Health Alert (Australia) - 13 January 2014


In This Issue:

Judgments; Legislation; and Reports.

- Excerpt from Judgments:

South Australia -

16 December 2013 - RE H, AE (No 3) [2013] SASC 196 -

In 2011, spermatozoa was removed from the applicant's late husband (Re H, AE). In 2012, the Court concluded the applicant had established a case for the release of the spermatozoa for In Vitro Fertilisation (IVF) treatment (Re H, AE (No 2)) but before an order could be made, consent should be sought from the Attorney-General for an exemption under the Assisted Reproductive Treatment Act 1988 (SA). The Attorney-General advised he did not have power to enable assisted reproductive treatment in the manner sought, and such treatment would be inconsistent with the policy requirement that a person provide consent for the use of their gametes prior to death.

Unlike South Australia, the Australian Capital Territory (ACT) does not have legislation regulating the provision of assisted productive technology, and the applicant located a clinic in Canberra to perform IVF. In the ACT, the Reproductive Technology Accreditation Committee of the Fertility Society of Australia requires compliance with the National Health and Medical Research Council's Ethical Guidelines on the Use of Assisted Reproductive Technology in Clinical Practice and Research 2007. The Guidelines state "Clinics must not facilitate use of gametes to achieve pregnancy … unless … a deceased person has left clearly expressed and witnessed directions consenting to the use of his or her gametes". While Judge Gray was satisfied the applicant had produced sufficient evidence that the deceased wished to have a family with her, it was up to the clinic to make its own determination.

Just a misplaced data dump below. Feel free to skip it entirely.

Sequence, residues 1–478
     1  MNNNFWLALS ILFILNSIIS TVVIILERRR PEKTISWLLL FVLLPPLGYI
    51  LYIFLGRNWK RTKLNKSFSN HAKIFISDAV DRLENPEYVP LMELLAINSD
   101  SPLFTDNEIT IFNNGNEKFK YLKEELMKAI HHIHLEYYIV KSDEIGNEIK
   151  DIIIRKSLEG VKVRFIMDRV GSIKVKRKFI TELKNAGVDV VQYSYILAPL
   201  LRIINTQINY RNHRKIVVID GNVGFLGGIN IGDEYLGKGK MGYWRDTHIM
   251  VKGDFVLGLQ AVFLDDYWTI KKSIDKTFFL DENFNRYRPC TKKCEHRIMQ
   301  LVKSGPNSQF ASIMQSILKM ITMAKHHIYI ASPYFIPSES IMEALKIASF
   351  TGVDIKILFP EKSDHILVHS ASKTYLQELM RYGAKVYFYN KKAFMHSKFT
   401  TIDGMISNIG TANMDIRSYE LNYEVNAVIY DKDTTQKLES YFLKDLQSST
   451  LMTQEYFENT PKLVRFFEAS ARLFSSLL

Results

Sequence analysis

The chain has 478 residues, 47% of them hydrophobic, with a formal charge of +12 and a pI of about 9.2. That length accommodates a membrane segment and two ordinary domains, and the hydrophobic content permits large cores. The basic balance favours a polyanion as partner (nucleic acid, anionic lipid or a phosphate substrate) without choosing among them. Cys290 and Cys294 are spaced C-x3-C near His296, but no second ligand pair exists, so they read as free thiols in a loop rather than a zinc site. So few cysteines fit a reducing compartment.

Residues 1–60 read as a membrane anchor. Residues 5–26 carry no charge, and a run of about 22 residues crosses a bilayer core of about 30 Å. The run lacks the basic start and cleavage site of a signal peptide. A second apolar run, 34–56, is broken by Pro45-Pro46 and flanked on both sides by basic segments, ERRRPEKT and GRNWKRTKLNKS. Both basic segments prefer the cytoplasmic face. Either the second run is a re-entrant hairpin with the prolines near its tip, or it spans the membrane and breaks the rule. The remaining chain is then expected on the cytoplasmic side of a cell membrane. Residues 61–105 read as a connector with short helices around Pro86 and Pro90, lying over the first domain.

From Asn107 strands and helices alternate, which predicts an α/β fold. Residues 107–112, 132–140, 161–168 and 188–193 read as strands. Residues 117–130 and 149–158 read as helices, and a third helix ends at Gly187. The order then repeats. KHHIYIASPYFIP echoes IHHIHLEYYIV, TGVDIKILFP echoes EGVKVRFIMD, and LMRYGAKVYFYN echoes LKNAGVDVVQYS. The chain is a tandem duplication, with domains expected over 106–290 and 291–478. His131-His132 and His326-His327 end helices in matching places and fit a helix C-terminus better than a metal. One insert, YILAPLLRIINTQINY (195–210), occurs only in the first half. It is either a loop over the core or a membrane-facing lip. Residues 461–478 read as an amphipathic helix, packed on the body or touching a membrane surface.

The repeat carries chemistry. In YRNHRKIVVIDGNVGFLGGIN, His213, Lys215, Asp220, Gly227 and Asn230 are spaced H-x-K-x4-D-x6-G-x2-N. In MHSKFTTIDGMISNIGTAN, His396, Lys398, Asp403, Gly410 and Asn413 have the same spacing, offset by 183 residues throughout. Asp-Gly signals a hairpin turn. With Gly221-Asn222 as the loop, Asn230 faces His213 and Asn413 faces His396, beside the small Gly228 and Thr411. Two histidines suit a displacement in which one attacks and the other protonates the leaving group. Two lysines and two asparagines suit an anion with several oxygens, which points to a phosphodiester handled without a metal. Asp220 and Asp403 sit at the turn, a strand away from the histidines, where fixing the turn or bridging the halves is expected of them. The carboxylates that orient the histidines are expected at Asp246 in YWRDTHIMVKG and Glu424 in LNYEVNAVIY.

Judge Gray granted the applicant use of the spermatozoa, under the control and supervision of the Canberra clinic.

Please see full alert below for more information.

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DISCLAIMER: Because of the generality of this update, the information provided herein may not be applicable in all situations and should not be acted upon without specific legal advice based on particular situations.

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